In the "New Project" window, on the left, expand the "Visual C++" container.
In the center pane, accept the default selection of "Win32 Console Application".
At the bottom of the "New Project" window, type a Name of YOURNAME-8a, replacing "YOURNAME" with your own name. Do not use any spaces in the name.
In the "Location" line, notice the location files will be saved in--it's a subfolder of your Documents folder.
In the "New Project" window, click OK.
A box opens, titled "Welcome to the Win32 Application Wizard".
Click Next. In the next screen, accept the default settings and click Finish.
A window opens, showing a simple C program.
Modify this program to match the code shown in text and the image below.
Do not use the literal string "YOURNAME"--replace it with your own name.
// YOURNAME-8a.cpp : Defines the entry point for the console application.
int i=1; // GLOBAL VARIABLE
int _tmain(int argc, _TCHAR* argv)
int j=2; // LOCAL VARIABLE
printf("YOURNAME-8a: %d %d\n", i, j);
You should see the message "Build: 1 succeeded" at the bottom of the window. If you see errors, you need to correct them and re-compile the program.
A Command Prompt window opens, showing the output of "1 2", as shown below:
Minimize the Visual Studio Express window.
Start IDA Pro Free.
In the "About" box, click OK.
Agree to the license.
Close the Help window.
In the "Welcome to IDA!" box, click the New button.
In the "New disassembly database" box, double-click "PE Executable".
In the "Select PE Executable to disassemble" box, navigate to the folder you used to save your program. The default location is in your Documents folder, in a subfolder named "visual studio 2013\Projects".
Double-click the "YOURNAME-8a"folder.
Double-click the Debug folder.
Double-click the YOURNAME-8a.exe file.
In the "PE Executable file loading Wizard", click Next, Next, Finish.
A box appears, saying this file was linked with debug information, as shown below. This is a luxury you won't often have with malware, but it's nice for this project.
IDA Pro loads the file. Unfortunately, the graph mode isn't much use, as shown below.
However, we can still find the code. Expand the Strings window and find "YOURNAME-8a %d %d\n", as shown below.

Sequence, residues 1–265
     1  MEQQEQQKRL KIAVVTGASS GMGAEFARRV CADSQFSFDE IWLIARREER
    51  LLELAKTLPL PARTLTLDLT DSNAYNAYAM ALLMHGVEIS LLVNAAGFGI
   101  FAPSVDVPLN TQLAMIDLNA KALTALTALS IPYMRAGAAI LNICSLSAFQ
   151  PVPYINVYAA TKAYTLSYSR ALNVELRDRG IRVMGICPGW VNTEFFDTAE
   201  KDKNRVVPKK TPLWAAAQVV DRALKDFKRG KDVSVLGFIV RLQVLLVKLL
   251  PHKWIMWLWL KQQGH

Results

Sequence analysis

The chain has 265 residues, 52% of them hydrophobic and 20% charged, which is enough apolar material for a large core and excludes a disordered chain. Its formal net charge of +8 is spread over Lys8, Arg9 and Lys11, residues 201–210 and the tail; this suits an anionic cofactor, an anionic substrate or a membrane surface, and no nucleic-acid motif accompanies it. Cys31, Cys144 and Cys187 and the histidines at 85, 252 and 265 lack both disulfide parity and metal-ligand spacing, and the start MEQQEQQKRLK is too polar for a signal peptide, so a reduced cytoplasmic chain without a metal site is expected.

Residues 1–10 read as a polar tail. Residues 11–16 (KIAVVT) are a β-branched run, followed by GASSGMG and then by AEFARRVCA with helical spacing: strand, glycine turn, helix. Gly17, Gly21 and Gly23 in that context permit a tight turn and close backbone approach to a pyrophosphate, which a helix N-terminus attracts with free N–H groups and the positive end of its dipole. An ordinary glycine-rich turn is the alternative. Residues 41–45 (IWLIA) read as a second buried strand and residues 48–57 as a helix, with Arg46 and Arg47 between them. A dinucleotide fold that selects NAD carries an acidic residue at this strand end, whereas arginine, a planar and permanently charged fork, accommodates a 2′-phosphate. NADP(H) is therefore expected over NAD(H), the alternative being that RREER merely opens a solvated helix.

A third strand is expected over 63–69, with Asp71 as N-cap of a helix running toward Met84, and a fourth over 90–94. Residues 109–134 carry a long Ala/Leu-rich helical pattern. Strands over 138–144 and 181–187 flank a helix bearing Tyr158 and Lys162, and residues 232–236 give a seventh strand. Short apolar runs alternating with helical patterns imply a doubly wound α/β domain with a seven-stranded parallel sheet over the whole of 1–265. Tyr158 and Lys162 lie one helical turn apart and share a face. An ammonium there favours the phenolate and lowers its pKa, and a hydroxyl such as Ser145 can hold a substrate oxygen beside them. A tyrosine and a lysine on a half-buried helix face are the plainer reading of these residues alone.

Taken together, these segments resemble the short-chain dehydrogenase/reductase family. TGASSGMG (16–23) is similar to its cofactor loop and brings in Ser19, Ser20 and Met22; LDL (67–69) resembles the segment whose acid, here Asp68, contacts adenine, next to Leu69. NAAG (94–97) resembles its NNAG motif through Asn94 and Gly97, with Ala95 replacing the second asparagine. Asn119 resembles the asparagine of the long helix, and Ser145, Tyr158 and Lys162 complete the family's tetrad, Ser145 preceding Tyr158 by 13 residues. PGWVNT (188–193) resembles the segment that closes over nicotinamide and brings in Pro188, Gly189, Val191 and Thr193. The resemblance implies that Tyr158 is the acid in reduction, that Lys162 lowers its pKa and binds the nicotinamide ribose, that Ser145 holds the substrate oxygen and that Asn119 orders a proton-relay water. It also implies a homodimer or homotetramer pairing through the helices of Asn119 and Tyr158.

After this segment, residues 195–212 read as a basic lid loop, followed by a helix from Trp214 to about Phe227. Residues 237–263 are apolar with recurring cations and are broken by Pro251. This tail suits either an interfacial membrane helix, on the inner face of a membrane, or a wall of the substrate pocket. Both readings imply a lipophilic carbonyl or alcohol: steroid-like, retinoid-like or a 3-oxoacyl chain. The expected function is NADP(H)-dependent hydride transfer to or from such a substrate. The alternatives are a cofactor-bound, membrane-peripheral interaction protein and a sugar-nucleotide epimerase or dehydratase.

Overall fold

Double-click "YOURNAME-8a %d %D\n".
The location containing the string appears, as shown below.
This is in the .rdata section of the file, which contains data but not executable instructions.
To the right of "YOURNAME-8a" there is a "DATA XREF" comment. Hover over the address to the right of "DATA XREF", which was "wmain+32" when I did it.
The instructions that use this string appear in a yellow pop-up box, as shown below.
Now the assembly code that performs the task you wrote in C appears, as shown below.
Notice the region in the green box in the figure below.
These commands perform these C statements:
printf("YOURNAME-8a: %d %d\n", i, j);
The call at the end jumps into the printf() function.
as shown above. The offset value may be different, but it should contain push and YOURNAME.push offset aYourname8aDD ; "YOURNAME-8a: %d %d\n
On your keyboard, press the PrntScrn key.
Click Start, type in PAINT, and open Paint.
Press Ctrl+V to paste in the image of your desktop.
YOU MUST SUBMIT WHOLE-DESKTOP IMAGES TO GET FULL CREDIT.
Save the image with a filename of "Proj 8a from YOUR NAME".
Before the call, the three arguments are pushed onto the stack in reverse order: first j, then i, then the string "YOURNAME-8a: %d %d\n", as detailed below.
mov [ebp+var_8], 2 ; PUT 2 into j mov esi, esp mov eax, [ebp+var_8] ; PUT j into eax push eax ; PUSH j onto the stack mov ecx, i ; PUT i into ecx push ecx ; PUSH i onto the stack push offset aYourname8aDD ; "YOURNAME-8a: %d %d\n" ; PUSH the address of the string onto the stack call ds:__imp__printf ; CALL printf()
j is a local variable, so it is simply stored on the stack at the location ebp+var_8. It's temporary, only available to the function it's defined in.
i is a global variable, and in this case IDA was able to refer to it by name in the "mov ecx, i" instruction.
To see where i is stored, hover the mouse over it.
A yellow box pops up showing where it is stored. When I did it, it was stored at location 418000, as shown below.
This variable will be available everywhere in the program, to any function.
Compile it and disassemble it.
It must show these features, as shown below:
Last Modified: 9-22-14 3:42 pm